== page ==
Proceedings on the Bill will follow the conclusion of consideration of Lords Amendments to the Gambling (Licensing and Advertising) Bill.
Transcripts of the proceedings in the House of Commons Chamber are available three hours after they happen in Today's Commons debates.
Summary of the Inheritance and Trustees' Powers Bill
To make further provision about the distribution of estates of deceased persons and to amend the law relating to the powers of trustees.
Progress of the Bill
The Bill was introduced into the House of Commons on 10 February 2013. The Public Bill Committee concluded its work and reported on 12 March 2014.
Keep up to date with all the proceedings and documentation, including amendment papers, on the Inheritance and Trustees' Powers Bill and find out how a Bill becomes an Act of Parliament.
House of Commons Library Analysis
The House of Commons Library produces briefing papers to inform MPs of key issues. The papers contain factual information and a range of opinions on each subject, and aim to be politically impartial. The Library has published the following briefing papers on the Inheritance and Trustees' Powers Bill.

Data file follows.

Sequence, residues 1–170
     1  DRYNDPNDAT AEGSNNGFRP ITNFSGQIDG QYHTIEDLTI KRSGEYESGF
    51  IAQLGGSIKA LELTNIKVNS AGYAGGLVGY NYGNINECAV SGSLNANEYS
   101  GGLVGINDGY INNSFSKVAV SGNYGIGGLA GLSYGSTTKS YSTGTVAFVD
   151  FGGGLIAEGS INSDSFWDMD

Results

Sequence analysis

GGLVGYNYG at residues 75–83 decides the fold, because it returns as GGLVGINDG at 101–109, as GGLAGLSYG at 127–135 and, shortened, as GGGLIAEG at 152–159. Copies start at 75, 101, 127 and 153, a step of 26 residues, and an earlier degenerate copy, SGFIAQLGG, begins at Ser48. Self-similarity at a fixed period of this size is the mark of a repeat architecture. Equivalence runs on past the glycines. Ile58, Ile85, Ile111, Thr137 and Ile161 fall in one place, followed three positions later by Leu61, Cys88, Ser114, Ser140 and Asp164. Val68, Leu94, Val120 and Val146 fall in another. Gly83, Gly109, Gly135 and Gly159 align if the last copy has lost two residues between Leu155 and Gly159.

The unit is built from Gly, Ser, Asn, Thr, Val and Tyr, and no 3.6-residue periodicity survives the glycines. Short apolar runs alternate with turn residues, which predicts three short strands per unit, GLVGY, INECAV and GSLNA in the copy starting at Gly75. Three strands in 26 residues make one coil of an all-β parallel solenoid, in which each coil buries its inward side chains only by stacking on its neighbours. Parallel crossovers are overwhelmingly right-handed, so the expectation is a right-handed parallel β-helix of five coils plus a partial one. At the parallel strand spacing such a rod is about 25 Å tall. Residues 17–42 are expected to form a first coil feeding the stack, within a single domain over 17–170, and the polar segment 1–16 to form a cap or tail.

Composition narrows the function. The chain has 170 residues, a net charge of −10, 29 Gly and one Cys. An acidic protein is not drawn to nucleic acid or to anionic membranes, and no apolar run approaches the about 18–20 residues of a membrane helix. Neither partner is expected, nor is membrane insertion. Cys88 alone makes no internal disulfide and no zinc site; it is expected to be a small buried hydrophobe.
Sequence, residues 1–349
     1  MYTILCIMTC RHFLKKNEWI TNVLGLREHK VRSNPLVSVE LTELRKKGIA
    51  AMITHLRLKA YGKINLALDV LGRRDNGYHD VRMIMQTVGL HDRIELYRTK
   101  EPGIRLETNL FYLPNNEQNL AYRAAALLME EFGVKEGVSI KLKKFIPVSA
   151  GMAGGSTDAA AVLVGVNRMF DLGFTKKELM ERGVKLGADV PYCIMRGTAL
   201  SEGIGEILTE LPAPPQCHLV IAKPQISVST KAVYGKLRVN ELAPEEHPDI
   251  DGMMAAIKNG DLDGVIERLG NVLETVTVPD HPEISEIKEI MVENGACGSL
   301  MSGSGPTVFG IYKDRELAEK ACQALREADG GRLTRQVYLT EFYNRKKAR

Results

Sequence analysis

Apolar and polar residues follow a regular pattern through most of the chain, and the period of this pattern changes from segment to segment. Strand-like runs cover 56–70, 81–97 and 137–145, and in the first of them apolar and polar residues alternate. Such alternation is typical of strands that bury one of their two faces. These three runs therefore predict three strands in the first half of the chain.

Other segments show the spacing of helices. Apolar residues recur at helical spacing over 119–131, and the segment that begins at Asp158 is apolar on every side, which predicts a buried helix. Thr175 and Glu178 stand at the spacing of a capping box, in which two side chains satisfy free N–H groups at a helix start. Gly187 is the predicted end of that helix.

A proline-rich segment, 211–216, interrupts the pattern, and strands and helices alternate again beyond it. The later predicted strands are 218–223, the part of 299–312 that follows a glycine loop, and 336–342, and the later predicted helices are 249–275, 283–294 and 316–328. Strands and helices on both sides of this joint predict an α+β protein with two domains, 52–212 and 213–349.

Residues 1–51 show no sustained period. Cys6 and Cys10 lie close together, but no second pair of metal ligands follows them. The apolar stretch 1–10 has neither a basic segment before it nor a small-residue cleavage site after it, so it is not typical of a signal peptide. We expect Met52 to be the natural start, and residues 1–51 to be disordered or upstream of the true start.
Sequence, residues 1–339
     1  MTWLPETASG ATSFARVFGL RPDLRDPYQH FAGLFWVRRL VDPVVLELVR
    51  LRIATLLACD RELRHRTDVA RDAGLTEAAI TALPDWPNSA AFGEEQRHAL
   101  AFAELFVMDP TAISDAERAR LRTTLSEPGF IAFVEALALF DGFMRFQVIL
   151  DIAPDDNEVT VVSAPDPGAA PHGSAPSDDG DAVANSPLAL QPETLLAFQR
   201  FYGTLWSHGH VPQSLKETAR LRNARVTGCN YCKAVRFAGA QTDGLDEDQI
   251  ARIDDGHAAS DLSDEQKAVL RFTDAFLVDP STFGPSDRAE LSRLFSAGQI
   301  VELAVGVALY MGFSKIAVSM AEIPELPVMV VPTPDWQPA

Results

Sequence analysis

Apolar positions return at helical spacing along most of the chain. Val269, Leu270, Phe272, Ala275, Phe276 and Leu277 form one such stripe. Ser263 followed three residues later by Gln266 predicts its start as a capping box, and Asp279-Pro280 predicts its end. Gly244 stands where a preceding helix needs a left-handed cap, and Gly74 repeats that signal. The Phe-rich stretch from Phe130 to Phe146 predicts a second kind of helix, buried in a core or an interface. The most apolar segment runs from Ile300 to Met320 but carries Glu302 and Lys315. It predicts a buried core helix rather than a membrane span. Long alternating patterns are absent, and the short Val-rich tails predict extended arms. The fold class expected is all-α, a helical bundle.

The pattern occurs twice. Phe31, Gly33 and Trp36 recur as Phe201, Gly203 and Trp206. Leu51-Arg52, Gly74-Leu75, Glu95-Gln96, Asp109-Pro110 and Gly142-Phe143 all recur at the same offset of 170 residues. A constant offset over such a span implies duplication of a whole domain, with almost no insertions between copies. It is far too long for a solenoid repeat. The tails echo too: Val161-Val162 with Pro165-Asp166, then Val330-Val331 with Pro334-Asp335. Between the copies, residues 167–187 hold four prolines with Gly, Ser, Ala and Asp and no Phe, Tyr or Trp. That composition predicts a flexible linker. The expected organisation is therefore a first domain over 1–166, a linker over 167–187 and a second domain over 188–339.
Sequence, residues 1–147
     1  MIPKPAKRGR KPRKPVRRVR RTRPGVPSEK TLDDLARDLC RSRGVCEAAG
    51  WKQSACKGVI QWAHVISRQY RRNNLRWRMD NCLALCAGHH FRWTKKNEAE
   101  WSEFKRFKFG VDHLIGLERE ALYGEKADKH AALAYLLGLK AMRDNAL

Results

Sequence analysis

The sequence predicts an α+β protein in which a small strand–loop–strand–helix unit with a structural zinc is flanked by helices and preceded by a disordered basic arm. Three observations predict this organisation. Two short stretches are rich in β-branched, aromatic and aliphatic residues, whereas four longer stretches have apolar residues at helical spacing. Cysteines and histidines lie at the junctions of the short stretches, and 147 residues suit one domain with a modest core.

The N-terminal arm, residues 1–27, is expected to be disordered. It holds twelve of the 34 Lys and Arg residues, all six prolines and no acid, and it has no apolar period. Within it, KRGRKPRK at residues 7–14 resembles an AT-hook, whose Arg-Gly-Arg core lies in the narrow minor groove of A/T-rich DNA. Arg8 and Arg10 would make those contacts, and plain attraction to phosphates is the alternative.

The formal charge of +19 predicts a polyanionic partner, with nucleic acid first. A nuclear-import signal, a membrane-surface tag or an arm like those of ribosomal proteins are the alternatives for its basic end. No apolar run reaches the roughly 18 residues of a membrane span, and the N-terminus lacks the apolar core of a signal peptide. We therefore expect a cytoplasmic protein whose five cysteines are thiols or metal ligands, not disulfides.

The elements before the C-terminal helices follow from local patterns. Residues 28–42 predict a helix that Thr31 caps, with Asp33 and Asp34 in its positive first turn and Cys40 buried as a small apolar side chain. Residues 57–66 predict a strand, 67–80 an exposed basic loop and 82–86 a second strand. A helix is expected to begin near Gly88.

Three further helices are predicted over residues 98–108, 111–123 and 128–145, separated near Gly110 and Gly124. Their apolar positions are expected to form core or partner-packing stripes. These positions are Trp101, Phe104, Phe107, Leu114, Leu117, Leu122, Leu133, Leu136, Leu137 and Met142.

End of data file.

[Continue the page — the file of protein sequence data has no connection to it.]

What happens next?
The Bill is due to have its report stage Wednesday 26 March 2014. The third reading is also scheduled to take place on 26 March 2014.
What is the report stage of a Bill?
The report stage gives MPs an opportunity, on the floor of the House, to consider any further amendments (proposals for change) to a bill which has been examined in a public bill committee or on the floor of the House. There is no set time period between the end of committee stage and the start of the report stage.
What happens at report stage?
All MPs may speak and vote. For lengthy or complex bills, the debates may be spread over several days. All MPs can suggest amendments to the bill or new clauses (parts) that they think should be added.
What happens after report stage?
Report stage is usually followed immediately by debate on the bill's third reading.
What happens at third reading?
Debate on the bill is usually short, and limited to what is actually in the bill, rather than, as at second reading, what might have been included.
Amendments (proposals for change) cannot be made to a bill at a third reading in the Commons. At the end of the debate, the House decides (votes on) whether to approve the third reading of the bill.
What happens after third reading?
If the bill started in the Commons it goes to the House of Lords for its first reading.
If the bill started in the Lords it returns to the House of Lords for consideration of any amendments the Commons has made.
Watching proceedings from the public gallery
UK residents and overseas visitors can watch proceedings in the House of Commons by visiting the public gallery.
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